A group of traveling musicians were once performing in a town square. Their sound was unlike any the townspeople had ever heard before, the majestic harmony, the beat of the drum perfectly in sync with the rhythm of each person’s soul. Pedestrians were unable to simply pass them by. One by one, the people stopped to enjoy the music. And the experience was so profound that they couldn’t merely stand by and listen. They began to move their bodies to the rhythm of the music. At first, a small group of friends began to dance together, but everyone soon joined in, dancing in circles, in lines, in chaotic patterns. Eventually, the entire town was dancing wildly, uninhibitedly.

At this point, when the town square was in a frenzy, a deaf man walks by. He sees the dancers, the contortions on their faces, the flailing limbs and yells out: “Stop this! Has everyone gone mad? What are you all doing?”

A red-faced man, who had never enjoyed himself so much in all his life, stopped dancing in pity for this passerby. The sweat was dripping down his sideburns, a boyish smile fixed on his face. He looked deep into the deaf man’s eyes, struggling to comprehend the question, and finally asked him, “Can you not hear the music?”

Maimonides writes in his Laws of Repentance that everyone is capable of being righteous: “Permission is granted to every man. If he wills to walk on the good path and become righteous, he is able to. If he wills to walk on the evil path and become evil, he is able to.” (Laws of Repentance, 5:1)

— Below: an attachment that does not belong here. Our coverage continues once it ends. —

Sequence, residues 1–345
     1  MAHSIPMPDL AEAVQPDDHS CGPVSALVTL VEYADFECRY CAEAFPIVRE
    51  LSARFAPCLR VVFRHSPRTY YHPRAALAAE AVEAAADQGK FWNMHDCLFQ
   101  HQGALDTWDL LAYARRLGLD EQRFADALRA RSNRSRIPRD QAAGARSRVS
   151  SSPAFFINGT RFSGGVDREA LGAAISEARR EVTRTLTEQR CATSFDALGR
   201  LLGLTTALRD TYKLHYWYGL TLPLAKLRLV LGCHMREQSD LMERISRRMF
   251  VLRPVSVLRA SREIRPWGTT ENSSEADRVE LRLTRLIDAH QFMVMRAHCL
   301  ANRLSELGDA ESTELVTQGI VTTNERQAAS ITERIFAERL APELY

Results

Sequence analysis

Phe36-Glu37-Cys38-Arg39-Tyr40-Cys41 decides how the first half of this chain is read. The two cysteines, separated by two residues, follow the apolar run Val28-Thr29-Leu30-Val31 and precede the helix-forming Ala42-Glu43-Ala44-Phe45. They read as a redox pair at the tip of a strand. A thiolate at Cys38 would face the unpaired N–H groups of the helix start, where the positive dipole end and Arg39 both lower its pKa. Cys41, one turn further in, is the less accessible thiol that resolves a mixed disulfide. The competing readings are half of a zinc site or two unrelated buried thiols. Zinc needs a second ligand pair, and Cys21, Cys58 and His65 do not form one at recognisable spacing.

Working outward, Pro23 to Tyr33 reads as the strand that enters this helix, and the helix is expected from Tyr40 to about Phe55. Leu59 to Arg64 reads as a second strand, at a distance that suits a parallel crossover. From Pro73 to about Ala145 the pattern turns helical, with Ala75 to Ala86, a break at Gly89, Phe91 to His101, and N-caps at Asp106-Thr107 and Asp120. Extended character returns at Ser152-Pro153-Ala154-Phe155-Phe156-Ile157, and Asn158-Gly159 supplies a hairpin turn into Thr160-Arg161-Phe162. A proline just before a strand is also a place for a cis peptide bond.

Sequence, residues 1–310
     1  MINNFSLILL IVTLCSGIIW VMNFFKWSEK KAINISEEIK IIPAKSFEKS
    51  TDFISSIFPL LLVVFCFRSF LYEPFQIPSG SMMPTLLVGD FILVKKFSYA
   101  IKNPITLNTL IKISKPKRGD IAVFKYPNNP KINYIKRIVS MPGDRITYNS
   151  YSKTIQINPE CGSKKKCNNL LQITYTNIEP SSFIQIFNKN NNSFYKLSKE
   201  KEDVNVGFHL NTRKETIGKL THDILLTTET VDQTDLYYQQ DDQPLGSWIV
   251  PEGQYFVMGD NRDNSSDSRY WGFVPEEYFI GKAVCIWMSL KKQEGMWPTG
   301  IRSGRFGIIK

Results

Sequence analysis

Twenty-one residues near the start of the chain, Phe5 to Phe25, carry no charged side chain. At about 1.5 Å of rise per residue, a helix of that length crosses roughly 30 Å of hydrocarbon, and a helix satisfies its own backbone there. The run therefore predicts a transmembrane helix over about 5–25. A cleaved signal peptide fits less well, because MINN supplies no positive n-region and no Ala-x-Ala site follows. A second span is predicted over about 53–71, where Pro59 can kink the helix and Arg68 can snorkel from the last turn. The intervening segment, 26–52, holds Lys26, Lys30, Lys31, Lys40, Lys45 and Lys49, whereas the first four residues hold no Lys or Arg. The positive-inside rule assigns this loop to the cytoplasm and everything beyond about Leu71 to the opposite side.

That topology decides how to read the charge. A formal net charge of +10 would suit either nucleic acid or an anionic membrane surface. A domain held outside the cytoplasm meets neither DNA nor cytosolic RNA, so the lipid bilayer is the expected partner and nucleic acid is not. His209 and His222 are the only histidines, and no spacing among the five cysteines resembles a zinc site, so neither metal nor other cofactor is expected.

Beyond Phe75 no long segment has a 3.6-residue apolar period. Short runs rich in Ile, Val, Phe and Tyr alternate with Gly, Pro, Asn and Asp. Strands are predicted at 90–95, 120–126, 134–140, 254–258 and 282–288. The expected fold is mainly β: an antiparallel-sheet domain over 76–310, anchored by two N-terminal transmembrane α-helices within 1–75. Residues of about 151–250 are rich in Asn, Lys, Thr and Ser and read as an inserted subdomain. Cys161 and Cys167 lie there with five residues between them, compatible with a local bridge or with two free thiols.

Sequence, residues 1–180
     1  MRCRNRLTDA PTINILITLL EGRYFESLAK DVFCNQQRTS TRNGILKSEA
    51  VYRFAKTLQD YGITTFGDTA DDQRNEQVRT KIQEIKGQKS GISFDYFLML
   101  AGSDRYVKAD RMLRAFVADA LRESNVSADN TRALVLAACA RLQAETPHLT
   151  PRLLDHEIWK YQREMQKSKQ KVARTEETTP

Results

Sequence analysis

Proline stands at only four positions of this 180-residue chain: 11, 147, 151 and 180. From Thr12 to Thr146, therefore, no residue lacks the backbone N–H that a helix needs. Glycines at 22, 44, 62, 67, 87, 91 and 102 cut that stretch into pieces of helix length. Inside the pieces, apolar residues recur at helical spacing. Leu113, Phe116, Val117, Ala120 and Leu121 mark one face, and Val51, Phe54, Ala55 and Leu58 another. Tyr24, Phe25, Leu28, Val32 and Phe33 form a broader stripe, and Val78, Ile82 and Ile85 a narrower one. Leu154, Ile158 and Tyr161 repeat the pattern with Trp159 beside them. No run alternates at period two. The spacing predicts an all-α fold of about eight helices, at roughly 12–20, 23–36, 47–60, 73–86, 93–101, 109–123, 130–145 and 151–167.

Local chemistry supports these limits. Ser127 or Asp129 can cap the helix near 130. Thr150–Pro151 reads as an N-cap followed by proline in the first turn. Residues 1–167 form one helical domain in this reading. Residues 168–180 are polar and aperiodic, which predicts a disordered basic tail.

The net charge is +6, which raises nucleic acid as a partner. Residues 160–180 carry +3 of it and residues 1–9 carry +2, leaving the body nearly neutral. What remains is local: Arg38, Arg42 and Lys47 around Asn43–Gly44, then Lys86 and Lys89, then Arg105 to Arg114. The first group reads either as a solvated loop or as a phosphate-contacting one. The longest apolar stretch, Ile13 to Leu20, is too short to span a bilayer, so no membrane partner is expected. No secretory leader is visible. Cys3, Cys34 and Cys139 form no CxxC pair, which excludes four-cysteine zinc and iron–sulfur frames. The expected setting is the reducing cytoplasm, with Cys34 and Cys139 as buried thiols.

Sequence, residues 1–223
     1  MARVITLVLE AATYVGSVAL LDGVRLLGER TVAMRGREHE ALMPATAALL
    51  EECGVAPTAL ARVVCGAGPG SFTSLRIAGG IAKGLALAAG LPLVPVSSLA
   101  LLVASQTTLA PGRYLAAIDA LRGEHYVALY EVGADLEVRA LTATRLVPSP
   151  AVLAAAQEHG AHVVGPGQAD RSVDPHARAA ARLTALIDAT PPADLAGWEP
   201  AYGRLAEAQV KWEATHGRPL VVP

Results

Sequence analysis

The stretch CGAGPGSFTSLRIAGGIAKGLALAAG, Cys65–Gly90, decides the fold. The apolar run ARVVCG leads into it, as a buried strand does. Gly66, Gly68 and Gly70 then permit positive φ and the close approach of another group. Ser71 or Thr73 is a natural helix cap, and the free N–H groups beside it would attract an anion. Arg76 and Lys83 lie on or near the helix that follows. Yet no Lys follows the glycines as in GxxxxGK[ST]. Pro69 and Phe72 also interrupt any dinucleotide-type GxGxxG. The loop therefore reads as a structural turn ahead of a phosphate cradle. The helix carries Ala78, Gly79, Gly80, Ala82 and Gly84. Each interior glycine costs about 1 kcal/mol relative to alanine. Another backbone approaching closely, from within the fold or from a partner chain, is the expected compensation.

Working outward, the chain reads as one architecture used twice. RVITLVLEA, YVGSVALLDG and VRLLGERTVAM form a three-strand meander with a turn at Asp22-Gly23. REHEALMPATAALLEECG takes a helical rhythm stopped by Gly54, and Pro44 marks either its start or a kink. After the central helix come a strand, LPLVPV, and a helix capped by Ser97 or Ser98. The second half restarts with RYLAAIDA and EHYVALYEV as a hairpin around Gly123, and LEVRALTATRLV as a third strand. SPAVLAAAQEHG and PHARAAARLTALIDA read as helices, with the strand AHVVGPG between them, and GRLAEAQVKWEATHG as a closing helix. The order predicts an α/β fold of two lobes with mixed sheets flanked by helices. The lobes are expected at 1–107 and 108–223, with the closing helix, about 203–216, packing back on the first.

But what will it take to get ourselves on the good path? According to Stairway to Heaven, it would seem that we must connect to the tune that drives the world. Anyone who’s following a tried and true recipe will probably not get there, no matter how much ‘cash’ he or she has stored up. Such a person would be likened to the lady buying her stairway or the deaf man in the Hasidic tale.

This may be what Rabbi Avraham Yitzchak HaCohen Kook, one of the leading Jewish thinkers of the last century, had in mind when he described the highest level of repentance, what he termed ‘repentance of understanding’. According to him, the ultimate goal of repentance is to attain “a clear perception that comes from an understanding of the whole world and all of life… It is towards this awareness which all eyes yearn, and it which will come in the future for those who search for it.” (Lights of Repentance, Chapter 1)

And if you listen very hard
The tune will come to you at last.
When all are one and one is all
To be a rock and not to roll

There is always hope, but only if we will listen very hard.